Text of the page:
Derivatization of AIgs with mPEG. 10 mg of each Alg were derivatized with 2,4,6-trichloro-s- triazine activated mPEG 5,000 as described in Jackson, et al., 1987, Anal-Biochem. 165:114-127. Briefly, a 50 times molar excess of mPEG was added to 10 mg AIgs in 10 ml of 0.1M tetraborate buffer, pH 9.6. The mixture was stirred vigorously for four hours at room tempera¬ ture. The conjugate preparations were concentrated to 1.5 ml in tubes of 100,000 MWCO and further purified.

Chromatographic purification of Alg-mPEG conjugates. Alg-mPEG preparations were applied to a AcA44 Ultrogel filtration column (80 x 1.6cm) equili¬ brated with 0.1M NH4HC03, pH 8.5 and flow rate of 0.4 ml/min. Fractions were collected at 4 min interval, dried by speed vacuum centrifugation and resuspended in 0.5 ml of 5mM sodium-acetate, pH 5. Each fraction was then analyzed for protein content by Biuret micro assay, and for the presence of free hydrolyzed mPEG by Nessler's reagent as described in Wilkinson et al., 1987, Immunol.Lett. 15: 17-22. Fractions of the conjugates free of hydrolyzed mPEG were then rechro- matographed on a Q300 anion-exchange HPLC column equilibrated with 5 mM sodium acetate, pH 5 using a 45 minutes linear gradient from 5 to 500 mM sodium ace¬ tate, pH 5, and flow rate of 0.5 ml/min. Fractions from the Q300 column were dialyzed in Spectrapor bags with 75,000 MWCO against PBS and concentrated in CENTREX UF-2 tubes.

Electrophoretic analyses of Alg-mPEG conju¬ gates. Homogeneity of Alg-mPEG conjugates were anal¬ yzed by SDS-PAGE and residual mPEG was detected by electrophoresis on agarose gels. The SDS-PAGE was performed under non-reducing conditions as described by Laemmli (Laemmli, 1970, Nature (London), 227: 680-685). Briefly, Samples (5 μg) were resuspended in 5 μl of sample buffer (0.1% SDS, 0.1M Tris-HCl 6M urea, pH 8.5) and incubated at 37°C for 2 hours. Samples were run on 4-15% gradient PhastGel (Pharmacia) at 250 Volts and 5 Watts for 45 minutes at 15°C. The gel was then fixed and silver stained. Electrophoresis on agarose Titan gels was carried out according to the manufacture's instructions. Samples (10 μg in 5 μl barbital buffer) were run at 250 Volts for 30 minutes on duplicate gels. One gel was stained with a mixture of 0.1% Coomassie Blue R-250 and 1% Ponceau S, and the second gel was immersed in 20% trichloroacetic acid (TCA) in water for 30 seconds and immediately photo-scanned.

Fluorescamine assay. Graded amounts (1, 0.5 and 025 μg) of Alg-mPEG or AIgs in 25 μl of PBS were mixed with equal volume of fresh fluorescamine in ace¬ tone (150 g/ml) and incubated for 5 min at room temperature. Samples were then brought to 1 ml with PBS and absorbency was measured at 475 nm emission versus 390 nm excitation. The percent of pegylated primary amines was estimated according to the following formula l-(OD475AIgs-mPEG/OD475AIgs)xlOO (Neville, et al., 1991, presented at the American Association of Pharmaceutical Scientists', Sixth Annual Meeting, Washington, DC, Nov. 17-21, 1991) . The improved reso¬ lution obtained with ammonium bicarbonate may be related to better neutralization of the active charges on the gel matrix and therefore lower interactions between free mPEG polymer and the matrix.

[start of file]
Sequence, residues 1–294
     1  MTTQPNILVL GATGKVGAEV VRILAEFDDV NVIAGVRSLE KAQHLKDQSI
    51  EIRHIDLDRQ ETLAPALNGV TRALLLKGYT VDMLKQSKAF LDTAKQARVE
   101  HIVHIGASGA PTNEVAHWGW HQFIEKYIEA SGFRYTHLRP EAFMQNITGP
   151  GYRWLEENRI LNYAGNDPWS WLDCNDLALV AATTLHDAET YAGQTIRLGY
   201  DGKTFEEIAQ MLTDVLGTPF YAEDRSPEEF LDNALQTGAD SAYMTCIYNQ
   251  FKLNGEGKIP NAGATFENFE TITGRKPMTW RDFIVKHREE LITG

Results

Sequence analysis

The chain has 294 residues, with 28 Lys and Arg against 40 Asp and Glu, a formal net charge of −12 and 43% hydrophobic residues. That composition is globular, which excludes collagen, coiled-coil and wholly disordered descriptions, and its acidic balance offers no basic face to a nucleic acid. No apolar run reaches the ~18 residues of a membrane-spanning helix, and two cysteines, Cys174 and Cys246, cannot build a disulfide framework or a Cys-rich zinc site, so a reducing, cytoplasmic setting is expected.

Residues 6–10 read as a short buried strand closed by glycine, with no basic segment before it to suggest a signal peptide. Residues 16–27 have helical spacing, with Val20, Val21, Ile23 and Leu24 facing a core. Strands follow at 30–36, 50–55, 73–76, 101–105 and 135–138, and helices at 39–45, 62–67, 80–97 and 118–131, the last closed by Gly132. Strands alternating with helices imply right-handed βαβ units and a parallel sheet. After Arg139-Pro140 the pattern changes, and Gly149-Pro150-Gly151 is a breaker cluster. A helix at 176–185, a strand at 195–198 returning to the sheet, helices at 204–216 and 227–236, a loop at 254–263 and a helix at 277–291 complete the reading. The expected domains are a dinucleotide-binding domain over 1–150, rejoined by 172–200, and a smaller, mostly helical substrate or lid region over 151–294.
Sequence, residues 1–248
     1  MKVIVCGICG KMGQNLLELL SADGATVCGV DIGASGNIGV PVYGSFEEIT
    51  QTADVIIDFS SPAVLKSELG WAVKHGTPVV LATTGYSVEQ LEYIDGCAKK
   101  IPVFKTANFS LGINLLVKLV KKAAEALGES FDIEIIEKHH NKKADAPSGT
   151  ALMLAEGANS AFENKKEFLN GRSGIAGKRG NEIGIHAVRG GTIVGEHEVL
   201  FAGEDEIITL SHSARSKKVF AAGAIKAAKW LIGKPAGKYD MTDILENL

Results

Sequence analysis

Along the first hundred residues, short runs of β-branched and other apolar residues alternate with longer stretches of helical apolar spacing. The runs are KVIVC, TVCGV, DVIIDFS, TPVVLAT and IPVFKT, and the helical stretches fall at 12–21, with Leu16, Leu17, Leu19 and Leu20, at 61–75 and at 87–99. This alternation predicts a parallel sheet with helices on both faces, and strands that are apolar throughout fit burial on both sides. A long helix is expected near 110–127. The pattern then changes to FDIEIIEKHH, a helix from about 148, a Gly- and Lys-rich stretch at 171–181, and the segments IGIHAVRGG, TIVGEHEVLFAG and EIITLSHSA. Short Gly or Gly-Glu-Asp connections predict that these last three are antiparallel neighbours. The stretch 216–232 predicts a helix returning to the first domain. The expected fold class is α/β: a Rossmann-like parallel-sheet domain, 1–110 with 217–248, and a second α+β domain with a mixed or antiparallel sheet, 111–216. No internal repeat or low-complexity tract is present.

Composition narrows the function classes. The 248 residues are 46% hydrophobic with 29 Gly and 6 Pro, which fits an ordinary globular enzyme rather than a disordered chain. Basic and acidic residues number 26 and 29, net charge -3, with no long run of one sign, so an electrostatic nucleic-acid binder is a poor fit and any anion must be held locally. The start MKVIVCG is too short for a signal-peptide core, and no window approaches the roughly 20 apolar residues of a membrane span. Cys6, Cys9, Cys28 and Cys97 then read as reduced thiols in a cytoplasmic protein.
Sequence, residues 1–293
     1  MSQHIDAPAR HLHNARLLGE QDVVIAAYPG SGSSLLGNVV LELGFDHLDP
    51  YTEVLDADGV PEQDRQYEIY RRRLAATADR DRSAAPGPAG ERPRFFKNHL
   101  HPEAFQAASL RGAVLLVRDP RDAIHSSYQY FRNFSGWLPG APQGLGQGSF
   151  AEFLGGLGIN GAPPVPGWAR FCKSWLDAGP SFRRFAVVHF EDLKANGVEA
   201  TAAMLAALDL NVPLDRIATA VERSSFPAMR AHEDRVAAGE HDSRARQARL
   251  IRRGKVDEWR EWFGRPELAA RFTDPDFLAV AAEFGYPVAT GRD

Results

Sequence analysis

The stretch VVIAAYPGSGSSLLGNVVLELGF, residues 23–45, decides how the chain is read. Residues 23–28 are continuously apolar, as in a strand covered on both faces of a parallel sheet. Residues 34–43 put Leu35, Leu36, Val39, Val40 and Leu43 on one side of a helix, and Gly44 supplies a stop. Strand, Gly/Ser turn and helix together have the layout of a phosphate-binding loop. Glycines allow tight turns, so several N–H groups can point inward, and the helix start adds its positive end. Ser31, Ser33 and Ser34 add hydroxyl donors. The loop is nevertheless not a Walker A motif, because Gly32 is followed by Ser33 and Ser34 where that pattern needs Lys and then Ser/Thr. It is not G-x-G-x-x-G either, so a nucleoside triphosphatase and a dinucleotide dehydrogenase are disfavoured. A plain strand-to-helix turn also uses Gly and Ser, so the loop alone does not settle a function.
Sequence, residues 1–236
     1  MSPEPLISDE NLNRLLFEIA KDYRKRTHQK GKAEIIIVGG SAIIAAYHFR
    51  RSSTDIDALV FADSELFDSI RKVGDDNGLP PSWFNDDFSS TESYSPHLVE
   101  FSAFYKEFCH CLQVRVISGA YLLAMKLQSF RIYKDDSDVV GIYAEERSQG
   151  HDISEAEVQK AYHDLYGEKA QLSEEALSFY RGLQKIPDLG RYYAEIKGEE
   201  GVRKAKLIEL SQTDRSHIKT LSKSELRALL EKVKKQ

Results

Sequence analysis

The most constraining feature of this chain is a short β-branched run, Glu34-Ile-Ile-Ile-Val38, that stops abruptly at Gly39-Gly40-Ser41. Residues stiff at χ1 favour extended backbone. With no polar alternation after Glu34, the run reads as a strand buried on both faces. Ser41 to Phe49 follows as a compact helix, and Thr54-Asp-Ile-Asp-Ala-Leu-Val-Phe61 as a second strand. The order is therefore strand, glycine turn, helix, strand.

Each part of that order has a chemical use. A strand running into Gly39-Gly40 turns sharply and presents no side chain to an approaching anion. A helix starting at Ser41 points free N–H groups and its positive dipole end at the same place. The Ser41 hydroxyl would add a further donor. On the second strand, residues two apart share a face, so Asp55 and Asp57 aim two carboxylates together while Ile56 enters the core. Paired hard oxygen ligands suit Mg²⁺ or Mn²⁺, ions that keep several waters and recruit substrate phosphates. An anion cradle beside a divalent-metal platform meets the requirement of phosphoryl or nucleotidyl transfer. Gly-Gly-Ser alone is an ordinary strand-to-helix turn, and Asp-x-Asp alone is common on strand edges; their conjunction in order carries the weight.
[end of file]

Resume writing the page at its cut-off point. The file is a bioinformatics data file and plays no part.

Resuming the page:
7.2. RESULTS Removal of other residual adducts from the Alg-mPEG conjugates. Because no one step procedure for the separation of protein-mPEG conjugates from residual adducts has been described, we chose a method that includes a first step removal of hydrolyzed mPEG and a subsequent step that removes other residual adducts such as underivatized or highly derivatized AIgs. Since the size exclusion limit of the AcA44 Ultrogel column is 140 kD, hydrolyzed mPEG can be removed but the other residual adducts can not. The removal of excess PEG is required because it could interfere with the isolation of the conjugates from the other residual adducts in the subsequent anion exchange chromatography step. Preliminary experiments performed on anion- exchange HPLC columns as a single step of purification, showed poor resolution and low yields even if minimal amounts of sample were applied on the column. In fact, the conjugates showed a broad elution profile as a result of the presence of excess of free polymers which interfere strongly with the binding of conjugates to the anion-exchange matrix. Poor resolution of pegy¬ lated proteins was also described when conjugates were separated by charge-reversal capillary zone electro¬ phoresis without previous removal of free PEG (Snider et al., 1992, J. Chro atogr. 599: 141-155; McGoff, et al., 1988, Chem.Pharm.Bull. 36: 3079). It may be important to remove free polymer from the conjugate preparation in order to obtain good resolution in dif¬ ferent separating media.